Before discussing the observations and stats from the Rockets and Spurs’ matchups during the regular season, it’s important to look at how the Rockets were recently playing against the Thunder in the playoffs. Here were a few notes on the series after watching film on all five games.
ROCKETS NOTES ON OFFENSE VS THUNDER
– Harden and Beverley can both throw the lob off the P&R to Capela for the alley-oop dunk.
This was something Harden and Capela were also able to do against the Spurs in the regular season, whether the 5 was Gasol, Aldridge or Dewayne Dedmon, as the video clip below will show.
For the Spurs, defensively, they’ll have to live with giving something up on defense any time Houston runs the 2/5 P&R with Harden and Capela. San Antonio’s bigs like to drop back to try to prevent a Harden drive toward the rim, which allows Capela to roll past them back pedaling and jump in the air to catch the lob. To take the lob away, San Antonio’s bigs will have to be ok with giving Harden the mid-range look and staying with Capela for the lob.
– Harden, Beverley, Gordon and Williams can all initiate the P&R from any angle on the floor.
Every Rocket on the floor can set a screen and roll on the P&R. Where most teams use traditional P&Rs like 1/4 or 1/5 P&Rs, or in the Spurs’ case, 3/4 & 3/5 P&Rs with Leonard as the ball handler, the Rockets can get even more creative on the fly with their P&Rs, as they can run 2/1 P&Rs with someone like Harden as the ball handler and Williams or Beverley as the screener. The Spurs’ P&R coverage will have to constantly keep communication when on the floor together.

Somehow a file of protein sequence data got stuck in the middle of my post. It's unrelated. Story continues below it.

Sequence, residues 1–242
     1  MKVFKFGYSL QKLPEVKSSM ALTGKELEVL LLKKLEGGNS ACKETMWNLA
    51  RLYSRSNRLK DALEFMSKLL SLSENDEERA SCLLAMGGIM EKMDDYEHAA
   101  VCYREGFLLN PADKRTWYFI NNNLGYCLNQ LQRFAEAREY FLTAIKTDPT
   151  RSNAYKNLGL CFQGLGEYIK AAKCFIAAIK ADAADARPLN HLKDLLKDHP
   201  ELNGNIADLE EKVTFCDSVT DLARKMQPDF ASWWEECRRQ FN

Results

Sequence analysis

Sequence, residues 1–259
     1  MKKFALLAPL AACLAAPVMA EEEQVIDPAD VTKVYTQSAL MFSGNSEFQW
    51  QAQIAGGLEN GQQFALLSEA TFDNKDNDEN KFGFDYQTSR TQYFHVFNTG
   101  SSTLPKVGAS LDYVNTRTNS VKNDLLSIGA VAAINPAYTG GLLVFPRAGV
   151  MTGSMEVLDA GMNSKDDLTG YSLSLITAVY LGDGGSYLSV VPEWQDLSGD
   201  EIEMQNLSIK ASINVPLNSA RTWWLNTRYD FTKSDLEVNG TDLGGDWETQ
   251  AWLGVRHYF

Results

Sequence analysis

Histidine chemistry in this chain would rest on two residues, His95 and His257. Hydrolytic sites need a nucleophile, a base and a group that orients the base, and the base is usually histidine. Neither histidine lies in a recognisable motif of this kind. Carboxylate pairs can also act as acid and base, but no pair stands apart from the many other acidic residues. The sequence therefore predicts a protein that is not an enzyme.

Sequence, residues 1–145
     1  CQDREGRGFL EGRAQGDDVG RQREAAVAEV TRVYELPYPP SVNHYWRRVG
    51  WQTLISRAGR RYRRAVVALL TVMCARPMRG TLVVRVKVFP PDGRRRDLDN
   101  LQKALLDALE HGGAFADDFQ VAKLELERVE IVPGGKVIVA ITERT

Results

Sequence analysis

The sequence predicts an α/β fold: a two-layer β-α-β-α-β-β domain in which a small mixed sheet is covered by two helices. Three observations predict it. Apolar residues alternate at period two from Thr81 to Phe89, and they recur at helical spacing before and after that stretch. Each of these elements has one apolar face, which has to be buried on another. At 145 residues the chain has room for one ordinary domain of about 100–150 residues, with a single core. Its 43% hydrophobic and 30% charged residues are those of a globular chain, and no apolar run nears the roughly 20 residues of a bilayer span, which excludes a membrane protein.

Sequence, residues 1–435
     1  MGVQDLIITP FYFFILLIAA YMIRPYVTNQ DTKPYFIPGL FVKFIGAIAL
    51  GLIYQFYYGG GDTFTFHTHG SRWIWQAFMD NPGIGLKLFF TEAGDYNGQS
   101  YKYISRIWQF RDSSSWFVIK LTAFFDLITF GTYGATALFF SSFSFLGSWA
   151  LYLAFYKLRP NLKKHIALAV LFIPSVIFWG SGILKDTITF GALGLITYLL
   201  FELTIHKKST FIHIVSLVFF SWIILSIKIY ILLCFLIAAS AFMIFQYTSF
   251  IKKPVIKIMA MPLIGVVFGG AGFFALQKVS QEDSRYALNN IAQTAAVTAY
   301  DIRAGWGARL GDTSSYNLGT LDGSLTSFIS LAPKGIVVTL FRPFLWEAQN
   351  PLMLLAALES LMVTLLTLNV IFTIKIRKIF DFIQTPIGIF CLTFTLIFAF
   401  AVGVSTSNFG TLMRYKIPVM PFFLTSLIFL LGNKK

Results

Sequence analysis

To show just how tricky the Rockets can get with their P&Rs, check out this 2/1/5 P&R action they used against the Thunder.
Here’s the clip from the game film.
– Harden likes to get bigs on switches in ISO situations.
In the first game of the season, Harden torched Gasol when he got him in 1-on-1 matchups, much like he did to Enes Kanter in the last playoff series. The Spurs changed Gasol’s P&R coverage in ISO situations when he got switched onto Harden in the other regular season games by making Gasol drop to take away a driving lane for Harden. So, in the event Harden gets Gasol in a P&R, it won’t be surprising to see Gasol back off a bit, allowing a potential mid-range jumper to Harden with help flanked behind him in the event Harden tries to drive. For the most part, when Harden got a switch with Aldridge on the P&R, the Spurs let Aldridge defend Harden 1-on-1, and multiple times Harden tried to shoot a contested three over Aldridge. The Spurs lived with Harden making tough contested 3s over Aldridge.
– Harden has a good outlet passing ability when he grabs defensive rebounds.
– Nene can facilitate out of the low post.
– The Rockets like to get plenty of transition 3s.
– The Thunder defense tried to take Anderson out by staying on him on 2/4 P&Rs and on the Angle 45 Double Drag play. This allowed Harden more chances to get into the paint and attack.
The Angle 45 Double Drag play is a staple of the Rockets’ offense that Spurs also saw in the regular season. The play diagram is shown below.